Moreover, most employed individuals may opt do drop out of employment in the event they perceive employment benefits to be more viable than their income (Lalive, Vanours & Zweimüller, 2011). As a result, it is essential to verify the validity of these perceptions based on evidence from empirical data.
The United Kingdom has over the years between 2004 and 2014 been experiencing a consistent rate of unemployment (Statista, 2014). As a result, it is evident that there are significant factors that have contributed to the level of the unemployment during the period.
On the other hand, one of the consistent trends that have been witnessed in the United Kingdom labour market during the period is the allocation of unemployment benefits by the United Kingdom government (Office for National statistics, 2014). As a result, there are major possibilities that there is a correlation between the allocations of unemployment benefits in the United Kingdom and the rate of unemployment.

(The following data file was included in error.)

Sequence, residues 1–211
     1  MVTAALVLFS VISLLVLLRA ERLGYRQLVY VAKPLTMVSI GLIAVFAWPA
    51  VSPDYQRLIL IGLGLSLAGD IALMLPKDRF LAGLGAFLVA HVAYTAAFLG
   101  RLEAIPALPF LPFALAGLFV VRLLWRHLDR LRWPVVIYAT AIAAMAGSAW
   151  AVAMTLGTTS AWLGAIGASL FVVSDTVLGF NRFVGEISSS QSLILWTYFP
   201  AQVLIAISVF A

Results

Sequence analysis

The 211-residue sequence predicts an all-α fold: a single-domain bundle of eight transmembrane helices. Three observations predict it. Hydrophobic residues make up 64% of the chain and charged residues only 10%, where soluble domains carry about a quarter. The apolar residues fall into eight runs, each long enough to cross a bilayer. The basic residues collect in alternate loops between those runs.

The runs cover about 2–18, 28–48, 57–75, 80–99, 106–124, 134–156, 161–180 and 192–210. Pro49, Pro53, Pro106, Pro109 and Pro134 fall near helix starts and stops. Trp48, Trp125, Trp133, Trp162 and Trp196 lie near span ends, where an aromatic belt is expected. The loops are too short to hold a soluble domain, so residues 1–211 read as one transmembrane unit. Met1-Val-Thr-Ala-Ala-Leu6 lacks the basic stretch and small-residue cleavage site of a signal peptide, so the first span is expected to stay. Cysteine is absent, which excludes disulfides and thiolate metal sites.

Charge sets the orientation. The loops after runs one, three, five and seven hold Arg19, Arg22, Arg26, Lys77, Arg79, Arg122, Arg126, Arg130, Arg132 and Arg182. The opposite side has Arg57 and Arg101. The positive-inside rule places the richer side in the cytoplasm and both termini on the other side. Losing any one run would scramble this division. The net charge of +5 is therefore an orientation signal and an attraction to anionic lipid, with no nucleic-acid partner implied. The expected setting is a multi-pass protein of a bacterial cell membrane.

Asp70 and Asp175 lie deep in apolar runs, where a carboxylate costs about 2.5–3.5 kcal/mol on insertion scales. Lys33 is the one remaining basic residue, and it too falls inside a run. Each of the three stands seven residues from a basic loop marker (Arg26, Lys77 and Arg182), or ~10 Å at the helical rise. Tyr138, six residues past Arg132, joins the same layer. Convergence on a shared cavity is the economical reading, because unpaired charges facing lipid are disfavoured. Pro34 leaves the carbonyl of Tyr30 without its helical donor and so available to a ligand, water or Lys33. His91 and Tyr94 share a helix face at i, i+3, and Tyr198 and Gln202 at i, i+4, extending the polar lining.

The study is based on empirical data gathered from the United Kingdom’s labour market.
In order to verify the effect of unemployment benefits on unemployment information regarding unemployment and unemployment data was gathered for a ten year period ranging between 2004 and 2014. Thus, in order to evaluate the reliability unemployment and unemployment another set of data that correlates with unemployment will be used. Hence, the relevant alternative set of data for the study will be based on inflation data for the relevant period of the study. This is due to the fact that most of the major unemployment levels in any labour market are caused by requirement of market forces to sustain optimum levels of inflation (Arnold, 2010 pp. 382). Whereas the rate of inflation will be necessary for this study it will be essential in outlining any other potential indicators of increase in the levels of employment in United Kingdom.